Review: Taylor Swift's 'Reputation'

Can't afford Taylor Swift's new album? We've done the listening for you...

Toby Bryant
27th November 2017

Taylor Swift whips up a frenzy of aggressive pop on Reputation, but in a groundbreaking year for pop music, this record could get lost.

Rising stars such as Lorde, Dua Lipa and Halsey have created faultless albums in 2017, spearheading a new pop movement. Swift has tried to jump on that trend with Reputation, but narrowly misses the train.

It’s a confusing listen. Fans were expecting a shade-throwing, head-bopping affair after singles ‘Look What You Made Me Do’ and ‘Ready For It’. These tracks are high-quality pop and insanely catchy. The music video for the former sees Swift shed her skin of past personas, whilst the latter’s video is a Ghost in the Shell-inspired re-birth. Those releases were misleading. It’s half a rebirth, stuck somewhere between a cutting-edge pop sound and the more stripped-back material of old.

That said - it’s far from a bad album. Hate or love Swift, there’s a reason she’s got to the top of the game (besides her high profile relationships) – she knows how to write a good pop song. However, more was expected than just ‘good’. Today, if an artist refuses to release their record on streaming services, it needs to be something special. As good as Reputation is, it isn’t anything special.

There are the same moments of the brilliance that we’ve come to expect from Taylor Swift. ‘This Is Why We Can’t Have Nice Things’ is superb with condescending lines such as, “did you think I wouldn’t hear all the things you said about me?”, delivered with a wink and cackle. ‘Delicate’ could well be one of her best, and most vulnerable, efforts to date with the lyric, “my reputation has never been worse, so he must like me for me”. No doubt a nod to current boyfriend of a year, Joe Alwyn (queue break-up album in two-years time).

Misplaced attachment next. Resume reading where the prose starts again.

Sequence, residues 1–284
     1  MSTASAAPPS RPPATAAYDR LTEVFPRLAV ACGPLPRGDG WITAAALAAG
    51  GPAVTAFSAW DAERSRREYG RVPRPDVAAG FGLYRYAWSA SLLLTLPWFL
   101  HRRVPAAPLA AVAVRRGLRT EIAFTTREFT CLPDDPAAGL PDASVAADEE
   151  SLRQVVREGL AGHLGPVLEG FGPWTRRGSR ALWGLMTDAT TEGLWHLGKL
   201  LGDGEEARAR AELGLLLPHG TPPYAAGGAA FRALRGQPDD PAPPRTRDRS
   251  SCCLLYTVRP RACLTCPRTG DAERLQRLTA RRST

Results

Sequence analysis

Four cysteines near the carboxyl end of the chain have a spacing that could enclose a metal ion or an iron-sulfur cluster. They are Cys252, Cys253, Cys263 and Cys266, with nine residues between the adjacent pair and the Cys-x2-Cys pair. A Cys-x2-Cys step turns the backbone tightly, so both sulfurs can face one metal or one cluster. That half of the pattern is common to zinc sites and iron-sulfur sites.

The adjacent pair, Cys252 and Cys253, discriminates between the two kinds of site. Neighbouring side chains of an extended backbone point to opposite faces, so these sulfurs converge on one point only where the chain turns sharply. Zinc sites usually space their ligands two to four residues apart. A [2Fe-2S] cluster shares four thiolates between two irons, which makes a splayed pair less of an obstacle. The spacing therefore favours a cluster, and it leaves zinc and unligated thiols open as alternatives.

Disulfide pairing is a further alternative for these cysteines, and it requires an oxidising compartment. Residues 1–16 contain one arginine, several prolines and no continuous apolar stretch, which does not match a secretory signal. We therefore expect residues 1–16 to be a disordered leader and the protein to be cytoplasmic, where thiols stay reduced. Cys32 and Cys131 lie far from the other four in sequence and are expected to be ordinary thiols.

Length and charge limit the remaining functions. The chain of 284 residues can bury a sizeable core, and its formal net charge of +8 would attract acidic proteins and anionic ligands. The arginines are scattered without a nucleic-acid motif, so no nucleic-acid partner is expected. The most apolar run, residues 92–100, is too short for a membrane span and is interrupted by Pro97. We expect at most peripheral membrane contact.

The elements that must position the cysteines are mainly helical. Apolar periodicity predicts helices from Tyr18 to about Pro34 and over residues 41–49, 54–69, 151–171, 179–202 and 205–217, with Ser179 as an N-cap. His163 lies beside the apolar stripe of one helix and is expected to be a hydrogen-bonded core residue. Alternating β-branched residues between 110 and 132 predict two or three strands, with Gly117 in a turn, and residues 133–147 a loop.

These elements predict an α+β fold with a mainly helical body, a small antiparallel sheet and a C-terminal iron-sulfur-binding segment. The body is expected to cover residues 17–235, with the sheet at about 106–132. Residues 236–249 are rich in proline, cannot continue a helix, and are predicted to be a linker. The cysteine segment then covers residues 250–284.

The record’s commercial success is incredible. Although, quite frankly, that is Swift’s name and not her new sound carrying it.

‘Getaway Car’ and ‘Call It What You Want’ are two other standouts which see a return to the sound heard on 1989. This isn’t so surprising when you see Jack Antonoff, the man behind much of 1989, has played a hand in both writing and producing the back and better end of Reputation.

Pop producer phenomenon Jack Antonoff helped out on Reputation.
Image: Wikimedia Commons

Ed Sheeran and Future are roped in for ‘End Game’, which does open the album well after ‘Ready For It’. The three stars reflect on the nature of fame and its effect on their reputation in what is a pleasant collaboration. Really though, the two very biggest popstars on the planet on the same track should be stratospheric – ‘End Game’ isn’t.

Within days of release Reputation had shifted  over a million copies in the US alone and is now already confirmed as 2017’s top-selling album, taking the crown of Sheeran’s Divide. The record’s commercial success is incredible. Although, quite frankly, that is Swift’s name and not her new sound carrying it.

Two years ago, Reputation would have confirmed Swift’s status as Queen of Pop. In 2017, eyes and ears will instead be turning to the industry’s new faces.

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